A growing number of groups around the nation are deeply concerned with the U.S. Environmental Protection Agency’s (EPA) attempts to clamp down on development in this country, killing jobs and economic growth along the way. This quest to fulfill a radical green agenda, pushed by EPA’s natural allies in the environmental movement, has led to accusations that the agency is, not only subverting sound science and long-established regulatory processes, but employing a "whatever it takes" approach to locking up America’s land and resources.
The attention of most states around the country has been rightly focused on the new air emissions standards, which will have a significant impact on states like Wyoming, the number one coal producing state in the country. However, EPA’s overzealous regulatory thirst when it comes to the Clean Water Act could decimate not just American mining, but any development project anywhere in the country, including construction, agriculture, housing, energy, and manufacturing, to name a few.
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That’s why groups like the American Farm Bureau are speaking out about EPA issuing new regulations that may require farmers to get permits for even small projects on their lands – projects for which they have long been exempt. Farmers are wise to raise concerns before new rules go into place, because as the CEO of the proposed Pebble mine, a significant cooper and gold deposit in Southwest Alaska, I have seen first-hand how EPA can manipulate existing rules to gain far-reaching new powers that Congress never intended.
If EPA has its way, the agency will use its authority under the Clean Water Act to preemptively veto the Pebble project, before an application for a permit has even been filed. If this occurs, it will be the first time in history, and it will set a regulatory precedent that gives EPA power of life and death over any project, anywhere, at any time. That will be especially true in states like Wyoming with major mining interests.
In the case of Pebble, the EPA has resorted to:
* plotting behind the scenes with environmental groups on how to kill Pebble;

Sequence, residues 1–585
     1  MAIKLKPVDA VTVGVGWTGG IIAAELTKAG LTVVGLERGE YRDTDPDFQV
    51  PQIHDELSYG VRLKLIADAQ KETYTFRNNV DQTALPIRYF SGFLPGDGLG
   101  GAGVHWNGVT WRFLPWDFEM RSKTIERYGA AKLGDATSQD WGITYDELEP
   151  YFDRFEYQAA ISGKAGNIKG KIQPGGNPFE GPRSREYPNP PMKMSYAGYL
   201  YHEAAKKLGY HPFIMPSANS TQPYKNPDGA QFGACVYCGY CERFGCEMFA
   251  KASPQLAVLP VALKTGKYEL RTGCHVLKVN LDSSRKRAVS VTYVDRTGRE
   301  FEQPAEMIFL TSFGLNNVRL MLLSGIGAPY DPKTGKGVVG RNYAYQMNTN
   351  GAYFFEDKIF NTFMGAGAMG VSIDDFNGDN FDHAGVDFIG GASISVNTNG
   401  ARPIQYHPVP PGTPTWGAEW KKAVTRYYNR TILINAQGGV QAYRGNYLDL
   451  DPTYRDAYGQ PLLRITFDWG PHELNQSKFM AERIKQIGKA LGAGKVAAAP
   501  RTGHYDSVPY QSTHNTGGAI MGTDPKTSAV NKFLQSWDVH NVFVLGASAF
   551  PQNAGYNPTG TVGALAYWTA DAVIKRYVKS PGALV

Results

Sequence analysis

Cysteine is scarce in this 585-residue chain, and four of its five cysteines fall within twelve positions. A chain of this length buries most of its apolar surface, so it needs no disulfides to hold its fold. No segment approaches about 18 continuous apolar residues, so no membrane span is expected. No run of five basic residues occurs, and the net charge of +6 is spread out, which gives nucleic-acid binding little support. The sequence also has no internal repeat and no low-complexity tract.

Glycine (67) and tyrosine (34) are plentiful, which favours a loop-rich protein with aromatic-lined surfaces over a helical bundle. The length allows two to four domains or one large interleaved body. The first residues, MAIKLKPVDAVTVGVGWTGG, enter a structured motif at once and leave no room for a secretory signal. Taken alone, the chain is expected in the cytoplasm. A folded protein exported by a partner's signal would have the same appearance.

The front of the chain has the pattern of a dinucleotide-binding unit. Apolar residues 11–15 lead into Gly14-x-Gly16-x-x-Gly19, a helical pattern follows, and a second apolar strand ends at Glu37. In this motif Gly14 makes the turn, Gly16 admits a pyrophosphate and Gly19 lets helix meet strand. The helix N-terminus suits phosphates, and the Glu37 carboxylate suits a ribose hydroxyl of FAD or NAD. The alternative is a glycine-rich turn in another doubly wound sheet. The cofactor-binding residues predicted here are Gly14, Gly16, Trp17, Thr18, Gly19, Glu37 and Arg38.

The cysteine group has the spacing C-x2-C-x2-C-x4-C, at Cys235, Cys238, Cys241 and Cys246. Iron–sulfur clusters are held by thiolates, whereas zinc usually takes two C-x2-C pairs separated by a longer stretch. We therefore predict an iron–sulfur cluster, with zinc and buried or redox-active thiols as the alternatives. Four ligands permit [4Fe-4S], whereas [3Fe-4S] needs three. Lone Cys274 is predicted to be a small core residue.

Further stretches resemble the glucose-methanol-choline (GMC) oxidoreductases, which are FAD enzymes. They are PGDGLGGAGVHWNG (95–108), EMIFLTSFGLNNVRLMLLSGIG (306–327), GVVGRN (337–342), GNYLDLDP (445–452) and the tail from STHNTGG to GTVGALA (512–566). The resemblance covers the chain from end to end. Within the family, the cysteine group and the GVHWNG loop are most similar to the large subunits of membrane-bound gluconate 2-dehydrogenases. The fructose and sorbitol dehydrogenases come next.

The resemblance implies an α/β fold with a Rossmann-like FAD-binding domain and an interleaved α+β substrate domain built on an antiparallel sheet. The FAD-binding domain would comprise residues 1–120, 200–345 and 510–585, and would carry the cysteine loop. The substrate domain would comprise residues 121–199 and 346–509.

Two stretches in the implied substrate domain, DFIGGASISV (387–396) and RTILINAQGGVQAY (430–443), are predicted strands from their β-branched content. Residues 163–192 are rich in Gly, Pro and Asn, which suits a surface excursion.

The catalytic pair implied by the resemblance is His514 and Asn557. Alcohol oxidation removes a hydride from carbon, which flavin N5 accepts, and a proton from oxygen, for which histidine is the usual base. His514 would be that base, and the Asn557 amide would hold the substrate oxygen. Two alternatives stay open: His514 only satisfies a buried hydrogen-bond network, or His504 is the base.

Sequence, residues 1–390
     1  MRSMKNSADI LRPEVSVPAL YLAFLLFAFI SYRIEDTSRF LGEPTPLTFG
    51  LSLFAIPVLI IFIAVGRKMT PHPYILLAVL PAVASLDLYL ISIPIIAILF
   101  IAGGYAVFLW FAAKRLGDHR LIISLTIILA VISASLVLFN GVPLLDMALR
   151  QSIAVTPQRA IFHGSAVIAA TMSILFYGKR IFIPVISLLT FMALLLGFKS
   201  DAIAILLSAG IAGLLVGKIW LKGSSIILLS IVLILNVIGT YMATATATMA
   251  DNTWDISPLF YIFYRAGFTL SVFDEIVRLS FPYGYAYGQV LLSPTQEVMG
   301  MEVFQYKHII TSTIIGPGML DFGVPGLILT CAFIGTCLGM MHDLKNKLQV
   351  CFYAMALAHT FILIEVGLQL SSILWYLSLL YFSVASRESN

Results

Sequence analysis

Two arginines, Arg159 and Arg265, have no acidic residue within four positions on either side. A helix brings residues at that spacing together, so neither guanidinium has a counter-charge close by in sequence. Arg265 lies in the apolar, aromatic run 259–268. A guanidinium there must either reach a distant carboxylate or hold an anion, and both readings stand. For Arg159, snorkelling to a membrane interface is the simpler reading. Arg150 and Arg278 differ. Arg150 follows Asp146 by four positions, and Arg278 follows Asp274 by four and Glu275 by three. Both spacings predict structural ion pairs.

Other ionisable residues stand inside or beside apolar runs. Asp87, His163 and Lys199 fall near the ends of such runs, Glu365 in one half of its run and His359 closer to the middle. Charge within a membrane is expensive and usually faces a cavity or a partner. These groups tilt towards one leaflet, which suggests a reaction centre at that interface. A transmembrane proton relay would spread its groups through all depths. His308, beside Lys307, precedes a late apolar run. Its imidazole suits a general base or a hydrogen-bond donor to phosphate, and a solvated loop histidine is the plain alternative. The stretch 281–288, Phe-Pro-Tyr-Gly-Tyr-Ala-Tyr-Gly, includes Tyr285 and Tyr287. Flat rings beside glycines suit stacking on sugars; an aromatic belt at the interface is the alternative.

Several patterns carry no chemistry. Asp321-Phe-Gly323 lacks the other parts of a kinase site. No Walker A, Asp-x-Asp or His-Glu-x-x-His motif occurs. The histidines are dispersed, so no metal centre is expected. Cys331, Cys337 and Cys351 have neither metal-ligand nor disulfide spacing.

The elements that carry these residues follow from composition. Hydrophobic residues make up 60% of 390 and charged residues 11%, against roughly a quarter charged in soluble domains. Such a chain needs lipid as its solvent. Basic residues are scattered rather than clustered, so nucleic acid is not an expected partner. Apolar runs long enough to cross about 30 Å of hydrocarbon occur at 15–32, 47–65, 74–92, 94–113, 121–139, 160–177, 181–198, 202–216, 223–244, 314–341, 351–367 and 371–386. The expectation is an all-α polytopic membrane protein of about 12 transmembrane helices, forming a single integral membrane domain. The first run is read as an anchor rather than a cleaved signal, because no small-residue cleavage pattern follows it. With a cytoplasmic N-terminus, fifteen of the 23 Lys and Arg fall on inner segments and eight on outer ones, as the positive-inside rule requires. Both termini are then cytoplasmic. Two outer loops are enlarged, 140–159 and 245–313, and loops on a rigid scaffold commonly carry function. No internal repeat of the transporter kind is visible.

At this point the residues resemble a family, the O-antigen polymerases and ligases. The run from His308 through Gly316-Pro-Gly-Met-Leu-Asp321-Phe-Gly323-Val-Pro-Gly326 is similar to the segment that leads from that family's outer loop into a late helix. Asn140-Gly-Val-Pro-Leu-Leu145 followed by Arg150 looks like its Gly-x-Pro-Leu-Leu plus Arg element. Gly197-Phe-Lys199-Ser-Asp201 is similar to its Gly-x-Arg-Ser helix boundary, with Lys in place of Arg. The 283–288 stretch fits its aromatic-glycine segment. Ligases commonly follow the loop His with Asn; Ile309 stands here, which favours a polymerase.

* conducting its own study of a hypothetical fantasy mine to justify a veto of Pebble, rather than completing an Environmental Impact Statement based on the mine’s actual plan;
* disregarding the views of its own scientists and external peer reviewers;
* failing to respond sufficiently to a congressional subpoena, resulting in the committee chair threatening to hold EPA in contempt; one former EPA employee has avoided testifying by leaving the country ... his last known location was New Zealand.
The proposed Pebble mine should be given the opportunity, as every other major development project in the country has, to file an application for a permit and be judged under the rules of existing law. To circumvent its own regulatory process and veto Pebble before a plan has even been defined or submitted is wrong. And it is not just unfair to one state and one developer-- it will have far-reaching implications for states and industries throughout the country.
Around 60,000 permits are sought under the Clean Water Act every year in the United States. These development projects represent hundreds of billions of dollars in investment and hundreds of thousands of American jobs.
Alaska’s attorney general recently said, “the most troubling aspect of the EPA seeking to veto [Pebble]…is that it sets precedent to take land anywhere in the United States and prematurely limit development of a valuable resource.”
States like Alaska and Wyoming need to stand strong against EPA overreach for the sake of their citizens, their industries and the U.S. economy. And yes, the environment.